We live in an age of great change, and it is for this reason that books become dated. The knowledge
explosion ensures that any book eventually has to be revised in order to keep its reader fully informed.
There are also styles in writing and illustration that are characteristic of a particular time and place.
These things have been true of Manners and Customs of Bible Lands, which was written by Fred
Wight in 1953. Historians, archaeologists, social anthropologists, and theologians have worked hard on
the Scripture text and at sites in the Holy Land to provide more information for the person who wants a
deeper understanding of the Bible’s setting. Much of their work is referred to in the bibliography of this book.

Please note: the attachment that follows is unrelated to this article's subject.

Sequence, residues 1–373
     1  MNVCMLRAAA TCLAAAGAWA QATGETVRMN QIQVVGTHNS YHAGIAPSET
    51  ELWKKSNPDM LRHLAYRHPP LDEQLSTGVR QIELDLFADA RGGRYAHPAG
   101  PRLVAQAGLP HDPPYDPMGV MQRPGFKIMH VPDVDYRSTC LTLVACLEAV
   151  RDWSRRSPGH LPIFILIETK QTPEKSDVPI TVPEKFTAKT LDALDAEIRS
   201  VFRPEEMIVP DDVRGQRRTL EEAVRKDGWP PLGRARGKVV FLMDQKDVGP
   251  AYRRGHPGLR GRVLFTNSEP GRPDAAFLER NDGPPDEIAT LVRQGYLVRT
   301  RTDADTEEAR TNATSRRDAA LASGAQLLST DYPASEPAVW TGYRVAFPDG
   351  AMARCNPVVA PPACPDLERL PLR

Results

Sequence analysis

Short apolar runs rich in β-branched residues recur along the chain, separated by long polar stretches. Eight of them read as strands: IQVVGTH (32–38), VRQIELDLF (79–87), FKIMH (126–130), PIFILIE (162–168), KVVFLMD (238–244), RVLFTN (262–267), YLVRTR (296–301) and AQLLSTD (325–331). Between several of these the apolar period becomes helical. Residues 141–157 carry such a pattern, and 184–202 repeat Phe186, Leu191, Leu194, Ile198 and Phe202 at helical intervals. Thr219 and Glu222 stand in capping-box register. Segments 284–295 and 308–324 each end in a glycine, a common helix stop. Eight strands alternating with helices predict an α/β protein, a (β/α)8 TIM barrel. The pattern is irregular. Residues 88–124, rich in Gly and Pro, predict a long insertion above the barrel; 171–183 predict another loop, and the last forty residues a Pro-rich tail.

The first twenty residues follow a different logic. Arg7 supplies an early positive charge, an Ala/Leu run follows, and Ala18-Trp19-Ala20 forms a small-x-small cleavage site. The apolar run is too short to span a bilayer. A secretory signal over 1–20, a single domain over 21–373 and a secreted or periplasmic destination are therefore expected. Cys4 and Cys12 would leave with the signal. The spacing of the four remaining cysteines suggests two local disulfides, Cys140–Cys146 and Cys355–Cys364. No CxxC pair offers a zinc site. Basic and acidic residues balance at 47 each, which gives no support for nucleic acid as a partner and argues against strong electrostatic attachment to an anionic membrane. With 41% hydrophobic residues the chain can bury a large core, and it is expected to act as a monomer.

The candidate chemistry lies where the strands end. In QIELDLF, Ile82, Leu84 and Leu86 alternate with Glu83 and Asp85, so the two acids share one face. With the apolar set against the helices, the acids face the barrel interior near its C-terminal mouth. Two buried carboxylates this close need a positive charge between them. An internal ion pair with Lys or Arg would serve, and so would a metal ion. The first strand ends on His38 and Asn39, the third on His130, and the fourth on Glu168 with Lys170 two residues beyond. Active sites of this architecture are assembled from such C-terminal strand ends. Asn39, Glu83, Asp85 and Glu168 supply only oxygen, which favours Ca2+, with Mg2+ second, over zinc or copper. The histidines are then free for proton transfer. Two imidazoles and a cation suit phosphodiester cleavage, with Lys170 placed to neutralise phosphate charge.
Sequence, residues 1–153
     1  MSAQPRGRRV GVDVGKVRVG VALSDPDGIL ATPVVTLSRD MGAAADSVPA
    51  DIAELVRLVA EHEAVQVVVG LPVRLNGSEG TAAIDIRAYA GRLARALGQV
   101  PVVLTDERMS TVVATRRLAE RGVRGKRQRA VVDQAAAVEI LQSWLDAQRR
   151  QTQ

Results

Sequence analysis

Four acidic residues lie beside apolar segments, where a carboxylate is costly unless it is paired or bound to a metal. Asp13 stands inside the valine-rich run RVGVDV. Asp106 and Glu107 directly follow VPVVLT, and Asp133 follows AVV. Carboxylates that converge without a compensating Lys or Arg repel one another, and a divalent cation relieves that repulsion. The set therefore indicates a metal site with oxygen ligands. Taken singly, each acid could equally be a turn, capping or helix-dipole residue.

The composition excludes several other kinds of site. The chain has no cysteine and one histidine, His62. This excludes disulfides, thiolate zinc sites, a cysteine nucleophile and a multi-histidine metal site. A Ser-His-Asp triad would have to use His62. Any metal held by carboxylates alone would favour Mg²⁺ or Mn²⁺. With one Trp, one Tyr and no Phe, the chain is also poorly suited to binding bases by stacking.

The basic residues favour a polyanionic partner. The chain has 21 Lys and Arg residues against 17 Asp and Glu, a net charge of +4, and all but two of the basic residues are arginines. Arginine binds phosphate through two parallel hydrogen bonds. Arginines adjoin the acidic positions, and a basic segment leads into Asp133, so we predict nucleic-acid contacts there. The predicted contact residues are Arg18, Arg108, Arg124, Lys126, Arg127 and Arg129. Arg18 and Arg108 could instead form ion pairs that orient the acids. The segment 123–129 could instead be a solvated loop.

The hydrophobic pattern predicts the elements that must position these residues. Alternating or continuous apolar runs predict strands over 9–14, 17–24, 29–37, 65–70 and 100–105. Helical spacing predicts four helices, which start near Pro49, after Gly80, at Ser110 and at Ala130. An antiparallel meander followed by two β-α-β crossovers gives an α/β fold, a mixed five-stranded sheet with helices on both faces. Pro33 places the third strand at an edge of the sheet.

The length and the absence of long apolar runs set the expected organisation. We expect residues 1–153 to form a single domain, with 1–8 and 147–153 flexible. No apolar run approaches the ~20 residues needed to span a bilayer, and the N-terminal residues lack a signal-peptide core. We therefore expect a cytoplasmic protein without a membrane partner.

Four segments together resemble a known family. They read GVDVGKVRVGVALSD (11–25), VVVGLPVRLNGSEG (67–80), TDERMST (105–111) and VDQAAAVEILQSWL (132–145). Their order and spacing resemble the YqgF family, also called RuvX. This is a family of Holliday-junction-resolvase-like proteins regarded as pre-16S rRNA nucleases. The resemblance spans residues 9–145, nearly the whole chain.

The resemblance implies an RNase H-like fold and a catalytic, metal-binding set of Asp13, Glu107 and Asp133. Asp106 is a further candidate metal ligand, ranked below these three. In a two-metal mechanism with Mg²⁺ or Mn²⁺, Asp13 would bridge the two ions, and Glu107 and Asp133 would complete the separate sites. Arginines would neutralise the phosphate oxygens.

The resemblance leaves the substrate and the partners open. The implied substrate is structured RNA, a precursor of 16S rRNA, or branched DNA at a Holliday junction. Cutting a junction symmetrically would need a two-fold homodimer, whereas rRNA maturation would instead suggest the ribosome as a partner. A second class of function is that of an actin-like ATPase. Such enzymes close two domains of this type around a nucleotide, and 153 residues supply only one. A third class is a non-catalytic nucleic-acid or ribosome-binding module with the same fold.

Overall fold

But there is another reason books become dated. They sometimes so stimulate the readers’
appetites that those persons want more. This updated and rewritten version of Manners and Customs of
Bible Lands has attempted to provide additional information to meet such a need. In addition, travel
to the Holy Land has shown many Christians that Bible background is a help in making Scriptures come alive.
After travelers return home they want information of a more satisfying kind than they were able to glean
from a short visit. Opportunity has been taken within this book to help people who still plan to visit
the Holy Land.
Not only do many Christians owe Fred Wight a debt for opening their eyes and for creating
an appetite for more, but they also ought to give him credit as they read this new book. Before I wrote
it I read the older work several times until it became part of my own thinking. In the work of Christian
ministry truly we enter into each others’ labours.
I pray that the work we have both done, and the results of scholars’ work made known during
the past thirty years, will so stimulate readers to thirst for more.
Ralph Gower London 1986